Well, that was quick! Sony has acted with lightning speed to shut down a new exploit by computer science student and self-proclaimed “Vita hacker” Andy Nguyen aka theFlow, which allowed users to crack PS Vita firmware up to version 3.70.
Called h-encore², the program allowed users to make kernel modifications, resulting in plugin support, changing the default clock speed, and importantly, run homebrew software.
Sony announced the released of firmware update 3.72 today, stopping Nguyen’s h-encore² in its tracks. There’s no official word from Sony as to what 3.72 does beyond “improving operation stability,” but it’s almost certainly entirely designed to beat h-encore².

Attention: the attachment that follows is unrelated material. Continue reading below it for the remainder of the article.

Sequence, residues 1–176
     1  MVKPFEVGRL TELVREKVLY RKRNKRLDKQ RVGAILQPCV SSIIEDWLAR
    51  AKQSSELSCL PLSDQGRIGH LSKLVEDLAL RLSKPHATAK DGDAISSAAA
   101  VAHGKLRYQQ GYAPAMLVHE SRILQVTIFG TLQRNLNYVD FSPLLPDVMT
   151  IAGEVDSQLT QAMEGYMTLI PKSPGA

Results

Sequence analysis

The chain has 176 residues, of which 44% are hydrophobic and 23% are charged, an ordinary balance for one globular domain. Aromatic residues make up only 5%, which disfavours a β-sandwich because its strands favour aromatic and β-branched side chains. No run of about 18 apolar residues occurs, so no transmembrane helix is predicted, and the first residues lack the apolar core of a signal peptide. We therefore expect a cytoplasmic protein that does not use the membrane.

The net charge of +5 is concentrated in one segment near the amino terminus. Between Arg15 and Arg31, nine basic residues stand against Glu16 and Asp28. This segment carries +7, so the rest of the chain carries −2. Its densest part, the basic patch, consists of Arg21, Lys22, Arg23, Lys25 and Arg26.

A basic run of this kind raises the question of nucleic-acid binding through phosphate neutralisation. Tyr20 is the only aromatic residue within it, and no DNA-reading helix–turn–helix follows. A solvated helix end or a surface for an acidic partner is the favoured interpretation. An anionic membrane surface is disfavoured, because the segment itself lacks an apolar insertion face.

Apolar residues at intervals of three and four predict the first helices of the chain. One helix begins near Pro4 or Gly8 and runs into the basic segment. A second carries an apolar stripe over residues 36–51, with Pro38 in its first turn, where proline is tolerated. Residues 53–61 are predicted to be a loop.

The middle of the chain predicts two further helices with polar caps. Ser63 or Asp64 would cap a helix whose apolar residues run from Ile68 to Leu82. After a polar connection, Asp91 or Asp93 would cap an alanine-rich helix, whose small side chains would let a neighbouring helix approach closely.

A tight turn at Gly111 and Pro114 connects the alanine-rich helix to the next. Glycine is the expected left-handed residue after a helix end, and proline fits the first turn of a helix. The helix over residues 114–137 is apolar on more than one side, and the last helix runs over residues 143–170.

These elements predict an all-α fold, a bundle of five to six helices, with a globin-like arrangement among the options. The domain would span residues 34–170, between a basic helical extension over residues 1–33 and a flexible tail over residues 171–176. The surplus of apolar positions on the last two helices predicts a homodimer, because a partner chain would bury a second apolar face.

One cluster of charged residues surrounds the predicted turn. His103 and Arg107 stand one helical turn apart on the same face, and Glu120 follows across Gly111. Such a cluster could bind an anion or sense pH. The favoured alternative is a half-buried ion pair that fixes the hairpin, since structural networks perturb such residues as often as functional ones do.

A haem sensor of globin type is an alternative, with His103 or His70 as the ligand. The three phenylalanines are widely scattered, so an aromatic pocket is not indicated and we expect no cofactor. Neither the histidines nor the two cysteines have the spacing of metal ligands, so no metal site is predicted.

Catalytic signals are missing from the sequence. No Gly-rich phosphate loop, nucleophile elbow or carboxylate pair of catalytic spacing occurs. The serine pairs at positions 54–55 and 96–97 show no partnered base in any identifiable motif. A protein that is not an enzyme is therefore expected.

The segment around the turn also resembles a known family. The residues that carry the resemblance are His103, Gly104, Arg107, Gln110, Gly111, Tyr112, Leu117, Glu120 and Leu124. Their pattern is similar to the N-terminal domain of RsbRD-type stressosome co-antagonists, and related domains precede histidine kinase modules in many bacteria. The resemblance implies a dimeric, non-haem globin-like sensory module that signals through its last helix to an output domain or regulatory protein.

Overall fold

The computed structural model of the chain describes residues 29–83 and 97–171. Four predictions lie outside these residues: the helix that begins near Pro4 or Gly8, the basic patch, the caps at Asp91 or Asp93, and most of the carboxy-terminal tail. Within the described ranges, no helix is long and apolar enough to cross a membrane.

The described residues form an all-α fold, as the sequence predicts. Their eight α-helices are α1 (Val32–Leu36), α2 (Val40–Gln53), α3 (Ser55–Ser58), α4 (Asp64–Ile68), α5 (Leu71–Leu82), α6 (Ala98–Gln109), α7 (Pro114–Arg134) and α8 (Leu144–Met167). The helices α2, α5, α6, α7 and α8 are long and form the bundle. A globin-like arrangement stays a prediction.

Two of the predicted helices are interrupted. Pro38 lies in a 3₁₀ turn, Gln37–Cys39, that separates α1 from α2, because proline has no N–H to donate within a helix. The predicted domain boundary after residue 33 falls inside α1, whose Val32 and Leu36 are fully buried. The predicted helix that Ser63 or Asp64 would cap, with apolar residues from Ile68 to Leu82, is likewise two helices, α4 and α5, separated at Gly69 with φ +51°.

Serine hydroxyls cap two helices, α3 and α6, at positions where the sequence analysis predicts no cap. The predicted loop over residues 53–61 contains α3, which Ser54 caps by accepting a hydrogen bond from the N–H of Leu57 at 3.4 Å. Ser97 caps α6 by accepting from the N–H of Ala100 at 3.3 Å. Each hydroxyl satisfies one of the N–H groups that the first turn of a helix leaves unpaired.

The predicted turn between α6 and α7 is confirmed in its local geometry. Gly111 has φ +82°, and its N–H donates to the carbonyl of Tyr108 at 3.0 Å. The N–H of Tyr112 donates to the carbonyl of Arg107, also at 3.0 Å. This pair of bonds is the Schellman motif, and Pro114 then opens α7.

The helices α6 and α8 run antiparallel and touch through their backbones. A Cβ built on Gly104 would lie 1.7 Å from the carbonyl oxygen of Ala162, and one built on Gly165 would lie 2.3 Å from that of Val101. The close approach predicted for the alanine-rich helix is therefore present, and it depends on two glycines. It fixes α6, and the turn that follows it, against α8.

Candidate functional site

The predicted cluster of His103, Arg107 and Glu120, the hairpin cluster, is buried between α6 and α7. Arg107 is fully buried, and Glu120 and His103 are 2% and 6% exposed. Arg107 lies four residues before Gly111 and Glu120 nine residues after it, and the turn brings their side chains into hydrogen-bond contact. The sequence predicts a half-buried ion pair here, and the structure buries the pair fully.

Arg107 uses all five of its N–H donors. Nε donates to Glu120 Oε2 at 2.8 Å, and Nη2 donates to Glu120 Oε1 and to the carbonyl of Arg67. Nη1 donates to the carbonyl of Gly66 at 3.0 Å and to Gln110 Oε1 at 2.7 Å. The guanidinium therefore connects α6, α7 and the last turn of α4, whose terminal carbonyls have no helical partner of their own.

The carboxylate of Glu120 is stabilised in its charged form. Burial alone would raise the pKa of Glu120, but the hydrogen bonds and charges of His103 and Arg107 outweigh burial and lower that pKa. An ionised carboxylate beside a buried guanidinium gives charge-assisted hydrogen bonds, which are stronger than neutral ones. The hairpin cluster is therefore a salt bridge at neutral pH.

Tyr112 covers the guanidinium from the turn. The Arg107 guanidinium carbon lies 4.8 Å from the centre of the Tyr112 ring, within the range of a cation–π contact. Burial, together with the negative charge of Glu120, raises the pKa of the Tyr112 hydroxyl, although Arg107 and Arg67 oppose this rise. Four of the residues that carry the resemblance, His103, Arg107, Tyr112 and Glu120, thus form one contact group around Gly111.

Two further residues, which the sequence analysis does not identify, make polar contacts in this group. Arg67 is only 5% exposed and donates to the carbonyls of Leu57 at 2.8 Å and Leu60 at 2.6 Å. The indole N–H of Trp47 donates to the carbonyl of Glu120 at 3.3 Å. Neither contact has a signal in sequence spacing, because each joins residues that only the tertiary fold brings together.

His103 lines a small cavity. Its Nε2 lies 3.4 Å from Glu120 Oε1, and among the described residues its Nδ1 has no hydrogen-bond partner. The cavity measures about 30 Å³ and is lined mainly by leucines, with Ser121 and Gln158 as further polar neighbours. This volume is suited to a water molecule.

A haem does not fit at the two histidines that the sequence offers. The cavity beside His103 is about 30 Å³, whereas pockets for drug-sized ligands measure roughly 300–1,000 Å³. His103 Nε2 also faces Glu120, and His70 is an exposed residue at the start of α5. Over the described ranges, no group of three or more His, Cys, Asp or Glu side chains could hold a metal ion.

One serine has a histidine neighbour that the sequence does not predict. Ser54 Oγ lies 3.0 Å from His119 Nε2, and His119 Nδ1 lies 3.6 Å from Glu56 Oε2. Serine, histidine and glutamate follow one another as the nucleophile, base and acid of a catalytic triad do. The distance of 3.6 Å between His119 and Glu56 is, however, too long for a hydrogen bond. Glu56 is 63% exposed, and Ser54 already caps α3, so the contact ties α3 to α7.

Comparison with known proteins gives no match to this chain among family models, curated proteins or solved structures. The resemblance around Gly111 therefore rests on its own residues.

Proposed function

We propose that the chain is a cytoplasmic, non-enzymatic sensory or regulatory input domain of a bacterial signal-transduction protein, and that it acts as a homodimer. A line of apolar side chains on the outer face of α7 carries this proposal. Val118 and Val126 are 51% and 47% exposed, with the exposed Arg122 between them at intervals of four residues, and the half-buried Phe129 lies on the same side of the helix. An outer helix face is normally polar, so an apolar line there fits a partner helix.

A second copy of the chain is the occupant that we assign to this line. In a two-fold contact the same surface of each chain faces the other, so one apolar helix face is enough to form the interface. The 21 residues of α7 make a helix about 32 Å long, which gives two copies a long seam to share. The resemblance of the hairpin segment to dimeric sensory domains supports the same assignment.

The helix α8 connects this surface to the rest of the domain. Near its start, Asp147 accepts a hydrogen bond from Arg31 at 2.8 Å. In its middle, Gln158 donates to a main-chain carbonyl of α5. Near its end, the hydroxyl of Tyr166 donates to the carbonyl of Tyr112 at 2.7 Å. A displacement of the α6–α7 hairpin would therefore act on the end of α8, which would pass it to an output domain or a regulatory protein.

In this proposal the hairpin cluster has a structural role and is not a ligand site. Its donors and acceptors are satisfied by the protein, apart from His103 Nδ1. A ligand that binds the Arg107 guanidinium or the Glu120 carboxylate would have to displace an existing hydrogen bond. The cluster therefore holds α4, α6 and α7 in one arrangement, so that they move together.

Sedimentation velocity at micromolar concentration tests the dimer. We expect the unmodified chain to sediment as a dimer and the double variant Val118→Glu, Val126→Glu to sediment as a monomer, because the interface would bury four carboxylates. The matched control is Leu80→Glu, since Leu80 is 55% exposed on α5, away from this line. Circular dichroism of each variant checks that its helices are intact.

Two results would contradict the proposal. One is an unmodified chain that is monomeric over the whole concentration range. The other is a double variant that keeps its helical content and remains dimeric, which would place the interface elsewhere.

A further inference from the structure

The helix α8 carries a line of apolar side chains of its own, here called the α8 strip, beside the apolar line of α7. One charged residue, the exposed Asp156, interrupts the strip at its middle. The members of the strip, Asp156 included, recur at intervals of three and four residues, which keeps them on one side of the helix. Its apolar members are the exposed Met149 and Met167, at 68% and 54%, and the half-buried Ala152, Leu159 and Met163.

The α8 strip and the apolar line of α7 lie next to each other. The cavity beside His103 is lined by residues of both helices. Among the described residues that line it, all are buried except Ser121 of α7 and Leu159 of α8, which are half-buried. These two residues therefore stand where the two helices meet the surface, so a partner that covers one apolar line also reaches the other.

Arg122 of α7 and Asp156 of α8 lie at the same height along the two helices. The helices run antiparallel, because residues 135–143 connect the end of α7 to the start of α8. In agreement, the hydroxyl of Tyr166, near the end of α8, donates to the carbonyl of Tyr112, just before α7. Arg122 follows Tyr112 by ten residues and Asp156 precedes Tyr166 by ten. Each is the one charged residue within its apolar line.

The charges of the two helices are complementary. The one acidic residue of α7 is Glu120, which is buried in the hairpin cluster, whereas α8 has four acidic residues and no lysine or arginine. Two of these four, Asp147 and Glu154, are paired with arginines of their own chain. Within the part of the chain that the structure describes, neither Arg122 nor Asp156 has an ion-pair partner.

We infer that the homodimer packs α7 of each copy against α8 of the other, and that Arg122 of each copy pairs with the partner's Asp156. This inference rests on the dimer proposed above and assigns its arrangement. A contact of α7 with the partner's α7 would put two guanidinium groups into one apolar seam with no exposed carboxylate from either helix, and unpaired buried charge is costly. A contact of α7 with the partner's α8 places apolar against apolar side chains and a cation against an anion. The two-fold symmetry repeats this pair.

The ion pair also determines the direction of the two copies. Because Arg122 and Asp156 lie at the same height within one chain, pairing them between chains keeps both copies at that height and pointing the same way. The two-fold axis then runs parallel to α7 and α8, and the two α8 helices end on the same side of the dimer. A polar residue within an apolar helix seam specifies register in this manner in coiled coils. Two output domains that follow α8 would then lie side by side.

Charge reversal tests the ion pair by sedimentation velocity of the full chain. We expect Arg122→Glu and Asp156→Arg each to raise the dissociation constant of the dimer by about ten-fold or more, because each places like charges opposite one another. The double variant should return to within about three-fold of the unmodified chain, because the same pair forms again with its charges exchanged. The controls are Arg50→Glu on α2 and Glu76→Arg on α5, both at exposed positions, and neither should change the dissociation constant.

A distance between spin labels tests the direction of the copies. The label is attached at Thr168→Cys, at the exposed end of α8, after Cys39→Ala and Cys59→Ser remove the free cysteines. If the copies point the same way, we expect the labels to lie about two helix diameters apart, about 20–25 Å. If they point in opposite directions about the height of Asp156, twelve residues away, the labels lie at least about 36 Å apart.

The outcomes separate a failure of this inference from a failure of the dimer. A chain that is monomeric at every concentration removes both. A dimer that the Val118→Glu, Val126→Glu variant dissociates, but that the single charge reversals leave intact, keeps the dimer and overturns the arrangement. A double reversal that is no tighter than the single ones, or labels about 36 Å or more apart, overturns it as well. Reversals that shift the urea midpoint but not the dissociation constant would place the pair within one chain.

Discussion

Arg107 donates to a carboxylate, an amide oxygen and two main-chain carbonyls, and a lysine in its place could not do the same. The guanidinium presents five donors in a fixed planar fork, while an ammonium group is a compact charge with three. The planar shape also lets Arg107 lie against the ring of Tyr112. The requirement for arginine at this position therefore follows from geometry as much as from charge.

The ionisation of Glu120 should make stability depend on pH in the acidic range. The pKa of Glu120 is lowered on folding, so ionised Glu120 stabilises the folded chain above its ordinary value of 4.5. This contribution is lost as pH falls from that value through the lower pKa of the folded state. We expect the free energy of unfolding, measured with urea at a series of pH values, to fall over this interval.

Hours after Nguyen explained that his new software “was a small weekend project” and that he “found these kernel vulnerabilities more than a year ago but never bothered to exploit them,” he posted a follow up confirming that Sony had quickly put their foot down.
“Welp, Sony doesn’t want to see us having fun. They just released FW 3.72 which blacklisted the userland exploit.”
Running a homebrew setup allows users to access pirated copies of PS Vita games. Sony is understandably keen to stop that from happening. The war between hackers and Sony’s firmware team will rage on.
Of course, users don’t have to update their PS Vita to the latest version…
The PS Vita is still popular in Japan, where the platform is supported, in particular, by Japanese RPG and visual novels. Earlier this year, for example, we learned that plenty of visual novels will be coming to the Vita.